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belonging: singles, the church and valentine’s day

It seems fitting that the week before Valentine’s Day, I spent three days at a convent with nuns.

Each morning I was there, I did a spiritual direction session with a kind Sister who was in her mid-60’s.

We talked about Lent, following Jesus and being single.

At one point in our conversation I may or may not have insinuated that it was harder to be a single Protestant than to be a single Catholic.

Because I have essentially taken the same vows of chastity, poverty and charity….but without the community that a convent or monastery offers, and without a high value being placed on my calling.

If you doubt that this is so, just head over to the comment section of “Seven Reasons Why It’s Hard To Be Single In The Church,” the post that’s received far and away the most comments of any post on my blog.

I don’t understand how it’s possible that we follow Jesus, a man who was single, and we have a sacred Scripture that says it’s better to be single because you can do more for the kingdom — and yet singles in the church feel so isolated, discriminated against and alone.


Marriage classes, moms groups, family fun nights, baby dedications, bridal showers….the list of things you get to do at church multiples exponentially when you’re married with kids.

I once cried to a friend that the only time the community will come around to celebrate me and mark a milestone in my life will be at my funeral.  I may be cynical, but I’m not wrong.

I was discussing why it’s hard to be single in the church with a pastor and he asked what solution I proposed.  Start a singles group?  Hire a Pastor of Singles?


I shook my head.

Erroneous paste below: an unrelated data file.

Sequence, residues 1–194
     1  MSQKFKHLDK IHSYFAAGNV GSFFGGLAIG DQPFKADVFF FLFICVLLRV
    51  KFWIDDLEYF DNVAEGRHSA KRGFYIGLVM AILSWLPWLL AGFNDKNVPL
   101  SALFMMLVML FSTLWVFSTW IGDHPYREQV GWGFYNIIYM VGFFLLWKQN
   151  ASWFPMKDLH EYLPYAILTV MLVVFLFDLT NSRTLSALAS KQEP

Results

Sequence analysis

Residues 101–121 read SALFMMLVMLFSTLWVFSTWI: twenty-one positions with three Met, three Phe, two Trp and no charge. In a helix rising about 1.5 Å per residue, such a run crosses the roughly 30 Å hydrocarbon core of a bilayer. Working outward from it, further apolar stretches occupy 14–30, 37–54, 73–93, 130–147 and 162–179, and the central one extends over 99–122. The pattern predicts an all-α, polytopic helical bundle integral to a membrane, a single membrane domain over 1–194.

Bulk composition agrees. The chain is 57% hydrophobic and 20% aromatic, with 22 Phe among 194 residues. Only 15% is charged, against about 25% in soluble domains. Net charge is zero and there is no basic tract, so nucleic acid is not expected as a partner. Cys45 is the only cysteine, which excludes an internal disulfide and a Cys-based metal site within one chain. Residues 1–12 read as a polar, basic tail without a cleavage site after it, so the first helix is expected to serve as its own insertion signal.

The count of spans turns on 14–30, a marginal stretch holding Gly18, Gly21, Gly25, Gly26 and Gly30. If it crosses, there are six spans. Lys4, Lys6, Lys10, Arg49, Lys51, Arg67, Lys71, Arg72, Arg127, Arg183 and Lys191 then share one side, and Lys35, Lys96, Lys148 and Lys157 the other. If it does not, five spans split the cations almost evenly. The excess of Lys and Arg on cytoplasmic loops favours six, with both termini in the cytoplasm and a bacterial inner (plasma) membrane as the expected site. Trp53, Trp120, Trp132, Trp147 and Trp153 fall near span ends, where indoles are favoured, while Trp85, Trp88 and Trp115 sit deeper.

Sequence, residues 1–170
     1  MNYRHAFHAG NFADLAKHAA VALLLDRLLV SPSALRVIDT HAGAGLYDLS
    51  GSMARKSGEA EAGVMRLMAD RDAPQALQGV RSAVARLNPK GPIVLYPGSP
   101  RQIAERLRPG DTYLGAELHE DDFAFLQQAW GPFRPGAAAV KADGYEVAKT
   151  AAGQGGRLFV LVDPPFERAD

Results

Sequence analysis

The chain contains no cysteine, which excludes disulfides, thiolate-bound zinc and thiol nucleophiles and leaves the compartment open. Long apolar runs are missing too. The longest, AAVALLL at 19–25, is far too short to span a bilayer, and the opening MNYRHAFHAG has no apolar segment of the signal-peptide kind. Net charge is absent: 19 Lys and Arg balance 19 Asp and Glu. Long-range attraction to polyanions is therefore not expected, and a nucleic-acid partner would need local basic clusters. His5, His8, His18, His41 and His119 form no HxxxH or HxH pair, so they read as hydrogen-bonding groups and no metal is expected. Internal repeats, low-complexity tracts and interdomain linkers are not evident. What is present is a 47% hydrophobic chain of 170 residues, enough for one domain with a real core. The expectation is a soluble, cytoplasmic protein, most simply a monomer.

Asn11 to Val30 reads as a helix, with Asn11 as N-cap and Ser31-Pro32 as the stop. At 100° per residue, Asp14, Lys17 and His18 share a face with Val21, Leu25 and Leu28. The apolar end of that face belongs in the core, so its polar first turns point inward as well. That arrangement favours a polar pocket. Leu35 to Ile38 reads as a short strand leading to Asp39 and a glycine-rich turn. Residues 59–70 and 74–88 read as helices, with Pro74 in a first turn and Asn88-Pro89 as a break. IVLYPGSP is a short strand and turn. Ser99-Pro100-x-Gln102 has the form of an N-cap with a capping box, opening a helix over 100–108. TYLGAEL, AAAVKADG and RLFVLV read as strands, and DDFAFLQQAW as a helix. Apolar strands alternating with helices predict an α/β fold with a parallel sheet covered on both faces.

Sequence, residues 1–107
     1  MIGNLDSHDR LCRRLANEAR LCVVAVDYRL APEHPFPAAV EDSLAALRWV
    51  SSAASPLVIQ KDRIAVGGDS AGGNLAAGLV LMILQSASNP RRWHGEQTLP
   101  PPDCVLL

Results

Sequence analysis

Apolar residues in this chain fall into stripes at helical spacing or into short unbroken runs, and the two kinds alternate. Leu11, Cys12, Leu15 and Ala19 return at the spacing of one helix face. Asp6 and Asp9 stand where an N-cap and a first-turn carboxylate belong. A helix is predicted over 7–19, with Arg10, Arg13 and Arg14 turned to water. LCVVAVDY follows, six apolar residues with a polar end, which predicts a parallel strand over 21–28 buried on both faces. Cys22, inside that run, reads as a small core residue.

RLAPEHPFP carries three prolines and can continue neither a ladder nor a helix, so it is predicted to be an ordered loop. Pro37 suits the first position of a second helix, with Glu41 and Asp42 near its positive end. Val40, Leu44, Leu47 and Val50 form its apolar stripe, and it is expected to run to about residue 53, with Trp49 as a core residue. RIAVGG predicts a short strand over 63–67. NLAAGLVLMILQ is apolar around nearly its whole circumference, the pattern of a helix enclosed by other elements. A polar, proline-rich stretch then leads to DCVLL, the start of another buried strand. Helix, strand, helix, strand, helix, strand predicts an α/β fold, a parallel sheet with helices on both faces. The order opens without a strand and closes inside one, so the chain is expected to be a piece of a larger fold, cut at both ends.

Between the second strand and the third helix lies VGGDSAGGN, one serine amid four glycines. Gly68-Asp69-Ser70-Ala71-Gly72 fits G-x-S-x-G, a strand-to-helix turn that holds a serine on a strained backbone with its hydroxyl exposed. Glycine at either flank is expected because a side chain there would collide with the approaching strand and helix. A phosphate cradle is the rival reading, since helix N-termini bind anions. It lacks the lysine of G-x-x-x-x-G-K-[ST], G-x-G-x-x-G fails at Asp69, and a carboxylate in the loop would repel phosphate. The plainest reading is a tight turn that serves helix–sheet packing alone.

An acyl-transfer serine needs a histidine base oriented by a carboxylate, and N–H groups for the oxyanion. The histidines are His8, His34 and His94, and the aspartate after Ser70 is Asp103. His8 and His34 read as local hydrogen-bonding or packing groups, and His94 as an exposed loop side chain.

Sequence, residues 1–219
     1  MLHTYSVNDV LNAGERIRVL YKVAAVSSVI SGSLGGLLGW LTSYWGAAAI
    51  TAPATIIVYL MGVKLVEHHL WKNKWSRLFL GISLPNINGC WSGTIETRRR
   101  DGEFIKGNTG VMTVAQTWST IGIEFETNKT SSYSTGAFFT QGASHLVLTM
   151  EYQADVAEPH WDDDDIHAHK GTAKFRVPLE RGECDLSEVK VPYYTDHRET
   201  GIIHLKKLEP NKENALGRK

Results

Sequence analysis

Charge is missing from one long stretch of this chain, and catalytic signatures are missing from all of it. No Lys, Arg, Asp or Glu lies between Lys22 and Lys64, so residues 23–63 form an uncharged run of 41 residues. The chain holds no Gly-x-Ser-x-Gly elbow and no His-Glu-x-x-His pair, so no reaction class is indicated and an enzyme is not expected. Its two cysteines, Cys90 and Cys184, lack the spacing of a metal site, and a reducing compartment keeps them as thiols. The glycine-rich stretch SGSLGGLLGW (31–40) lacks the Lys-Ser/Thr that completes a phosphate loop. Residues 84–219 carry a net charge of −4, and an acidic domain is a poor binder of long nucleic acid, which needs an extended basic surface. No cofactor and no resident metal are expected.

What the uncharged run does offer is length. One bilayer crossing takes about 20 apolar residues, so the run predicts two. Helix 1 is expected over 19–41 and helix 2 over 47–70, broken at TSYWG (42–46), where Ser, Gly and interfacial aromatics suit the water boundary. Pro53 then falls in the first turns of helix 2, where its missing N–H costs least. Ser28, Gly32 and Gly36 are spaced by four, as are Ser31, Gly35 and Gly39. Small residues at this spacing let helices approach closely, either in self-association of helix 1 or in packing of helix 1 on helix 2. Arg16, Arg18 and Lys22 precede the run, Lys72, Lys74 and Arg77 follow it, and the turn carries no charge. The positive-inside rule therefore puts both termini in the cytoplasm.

Haven’t we been down this road before?  “Separate but equal” didn’t work in the era of segregation, and it doesn’t work in the church.

The rallying cry for Christians should be unity, not just equality.

So. I think as a church, we have two options.  We can do what this pastor proposed — we can start another group, hire another specialty pastor, organize more events to target a specific demographic.  In other words, we can keep adding more chairs to the table, more groups where people in the church can belong…but where does that end?

Or…..and this is what I suggest…..

We take all the chairs away.

There is no place you don’t fit, no place you don’t belong.  The table is open and we all feast together.

Paul says something like this in Galatians 3. “There is neither Jew nor Gentile, neither slave nor free, nor is there male and female, for you are all one in Christ Jesus.”

Jesus takes away the labels.  Jesus takes away the artificial reasons why people belong and don’t belong until there are no barriers, no borders, no prerequisites, no “in” crowd and no rejects.

Being married is great.  Having kids? Also great.  Being single?  Hard, but important.

No matter what our situation, we all need our community to celebrate with us in our good moments and walk with us through the low ones.

I am blessed to have lots of friends who are in different demographics from me (older, younger, married with kids, married without kids), and we all take care of each other (as evidenced by my married friend Reba, who brought me roses and breakfast in bed this morning and asked me to be her Valentine!)


But, to be honest, most of my support comes from outside of the church.